NBA Street has always been the coolest kid on the EA Sports block. Granted, that's hardly difficult: one imagines the EA Sports block as a bland paradise of picket fences, tidy lawns and clean concrete, where everyone wears pastel smart casual and buys the same car as the neighbours each year. Everything is orderly, efficient and prosperous, and all NBA Street has to do to be the coolest is show up: in a pair of Air Jordans, naturally, and ambling along in its own sweet time. (Two years between updates? Two?)
It has its coterie of hangers-on, of course - EA Sports BIG stablemates like NFL Street and FIFA Street - but they're just white-bread boys with their caps turned backwards; putting it on, aping the moves of the original and best, and not doing it very convincingly either. Basketball is much better suited than football from either side of the Atlantic to the Street style. Street means smaller sides (three on three in this case) and a fast-paced, physical game that flouts conventional rules, and introduces a wonderfully absurd, showboating trick system. In fact, not only is videogame basketball better suited, it's actually better full stop in this form: more dynamic, more sophisticated, and better to watch than regular NBA-licensed games.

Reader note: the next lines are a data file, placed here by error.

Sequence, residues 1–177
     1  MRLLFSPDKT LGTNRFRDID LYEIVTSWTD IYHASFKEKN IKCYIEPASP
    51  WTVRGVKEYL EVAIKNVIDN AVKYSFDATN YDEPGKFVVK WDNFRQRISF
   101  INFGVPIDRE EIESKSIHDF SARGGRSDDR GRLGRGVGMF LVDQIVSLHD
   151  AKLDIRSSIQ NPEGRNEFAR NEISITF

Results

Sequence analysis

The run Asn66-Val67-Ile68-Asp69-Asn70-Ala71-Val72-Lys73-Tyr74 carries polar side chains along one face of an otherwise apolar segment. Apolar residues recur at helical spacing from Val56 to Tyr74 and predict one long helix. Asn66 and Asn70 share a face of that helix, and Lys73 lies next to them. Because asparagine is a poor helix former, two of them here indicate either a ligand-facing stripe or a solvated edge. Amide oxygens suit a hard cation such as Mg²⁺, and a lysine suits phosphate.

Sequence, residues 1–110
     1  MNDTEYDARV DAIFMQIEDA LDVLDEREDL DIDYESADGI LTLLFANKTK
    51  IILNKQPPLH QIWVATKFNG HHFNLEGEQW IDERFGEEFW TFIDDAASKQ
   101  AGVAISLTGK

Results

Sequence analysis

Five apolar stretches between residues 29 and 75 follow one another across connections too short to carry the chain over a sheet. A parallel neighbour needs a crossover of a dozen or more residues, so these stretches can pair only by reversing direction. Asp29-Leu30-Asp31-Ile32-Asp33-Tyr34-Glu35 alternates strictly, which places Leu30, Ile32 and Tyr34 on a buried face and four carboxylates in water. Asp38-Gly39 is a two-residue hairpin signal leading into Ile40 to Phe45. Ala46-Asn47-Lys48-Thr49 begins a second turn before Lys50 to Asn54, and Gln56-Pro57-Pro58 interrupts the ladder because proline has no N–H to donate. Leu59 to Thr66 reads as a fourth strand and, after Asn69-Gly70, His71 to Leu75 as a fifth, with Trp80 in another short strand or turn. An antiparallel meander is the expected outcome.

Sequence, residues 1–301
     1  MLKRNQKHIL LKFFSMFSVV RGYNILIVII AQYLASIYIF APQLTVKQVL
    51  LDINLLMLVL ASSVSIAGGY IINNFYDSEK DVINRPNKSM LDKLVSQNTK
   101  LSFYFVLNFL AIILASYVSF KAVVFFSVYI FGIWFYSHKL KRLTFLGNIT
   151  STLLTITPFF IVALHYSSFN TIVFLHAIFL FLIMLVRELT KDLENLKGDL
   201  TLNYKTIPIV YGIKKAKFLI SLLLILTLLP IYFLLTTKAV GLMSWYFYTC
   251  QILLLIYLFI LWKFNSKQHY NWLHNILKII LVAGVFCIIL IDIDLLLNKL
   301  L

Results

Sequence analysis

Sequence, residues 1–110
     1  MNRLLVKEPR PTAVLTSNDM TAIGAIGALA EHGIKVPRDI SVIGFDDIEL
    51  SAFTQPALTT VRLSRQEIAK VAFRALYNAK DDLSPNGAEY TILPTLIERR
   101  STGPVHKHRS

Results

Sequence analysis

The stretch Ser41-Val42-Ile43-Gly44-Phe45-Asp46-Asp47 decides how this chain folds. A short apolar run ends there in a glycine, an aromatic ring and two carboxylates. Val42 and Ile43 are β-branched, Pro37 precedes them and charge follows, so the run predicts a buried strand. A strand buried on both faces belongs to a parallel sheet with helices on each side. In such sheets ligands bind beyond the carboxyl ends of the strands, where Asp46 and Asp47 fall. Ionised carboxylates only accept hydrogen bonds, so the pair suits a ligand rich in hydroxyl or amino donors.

NBA Street games are basically exercises in taunting. When in possession, you perform tricks with the ball, dancing around your opponents (literally dancing, many of the tricks are adapted breakdancing moves), bouncing the ball off their heads and through their legs, making them look as foolish as possible for a long as possible before attempting to score. Doing so charges your Gamebreaker meter - but only if you convert by scoring. Once it's full, you can unleash an even more outlandish arsenal of tricks in a short-term charge that will multiply the score from your next shot or dunk.